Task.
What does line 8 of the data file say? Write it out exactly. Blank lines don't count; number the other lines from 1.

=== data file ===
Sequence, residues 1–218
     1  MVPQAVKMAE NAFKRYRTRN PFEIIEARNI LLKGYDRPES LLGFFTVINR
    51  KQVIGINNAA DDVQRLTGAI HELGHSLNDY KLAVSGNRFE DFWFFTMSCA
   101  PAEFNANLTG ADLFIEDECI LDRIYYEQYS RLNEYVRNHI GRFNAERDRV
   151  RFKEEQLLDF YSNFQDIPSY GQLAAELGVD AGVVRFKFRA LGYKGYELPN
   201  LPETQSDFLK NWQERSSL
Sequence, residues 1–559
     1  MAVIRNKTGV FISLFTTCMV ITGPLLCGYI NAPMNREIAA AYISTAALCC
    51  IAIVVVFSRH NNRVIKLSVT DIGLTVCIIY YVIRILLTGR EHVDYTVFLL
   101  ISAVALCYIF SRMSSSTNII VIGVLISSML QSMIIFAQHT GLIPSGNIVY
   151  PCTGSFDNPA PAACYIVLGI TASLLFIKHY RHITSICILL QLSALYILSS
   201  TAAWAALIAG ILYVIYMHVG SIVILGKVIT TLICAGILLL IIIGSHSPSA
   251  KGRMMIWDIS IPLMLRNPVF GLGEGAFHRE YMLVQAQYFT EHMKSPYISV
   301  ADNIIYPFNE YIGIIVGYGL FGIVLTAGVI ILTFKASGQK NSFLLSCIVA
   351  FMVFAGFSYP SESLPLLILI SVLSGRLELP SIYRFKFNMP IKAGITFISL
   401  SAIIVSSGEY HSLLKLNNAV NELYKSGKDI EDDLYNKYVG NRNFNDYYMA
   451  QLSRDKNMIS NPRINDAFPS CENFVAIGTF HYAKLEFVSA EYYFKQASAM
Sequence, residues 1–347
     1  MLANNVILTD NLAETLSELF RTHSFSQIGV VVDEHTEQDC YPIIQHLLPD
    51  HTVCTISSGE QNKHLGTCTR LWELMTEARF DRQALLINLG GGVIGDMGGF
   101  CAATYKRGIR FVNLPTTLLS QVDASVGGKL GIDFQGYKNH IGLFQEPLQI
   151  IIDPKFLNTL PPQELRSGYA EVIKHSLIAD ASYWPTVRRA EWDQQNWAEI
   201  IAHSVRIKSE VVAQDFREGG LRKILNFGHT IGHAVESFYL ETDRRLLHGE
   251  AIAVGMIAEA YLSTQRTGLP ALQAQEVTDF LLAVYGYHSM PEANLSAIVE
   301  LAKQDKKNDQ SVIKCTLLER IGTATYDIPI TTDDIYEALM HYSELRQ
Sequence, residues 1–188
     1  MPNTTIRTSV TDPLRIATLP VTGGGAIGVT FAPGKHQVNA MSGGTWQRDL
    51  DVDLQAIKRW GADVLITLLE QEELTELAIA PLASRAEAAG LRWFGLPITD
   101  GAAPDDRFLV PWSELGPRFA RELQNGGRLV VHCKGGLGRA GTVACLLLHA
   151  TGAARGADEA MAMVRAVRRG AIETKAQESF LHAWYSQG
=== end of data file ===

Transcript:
     1  MAVIRNKTGV FISLFTTCMV ITGPLLCGYI NAPMNREIAA AYISTAALCC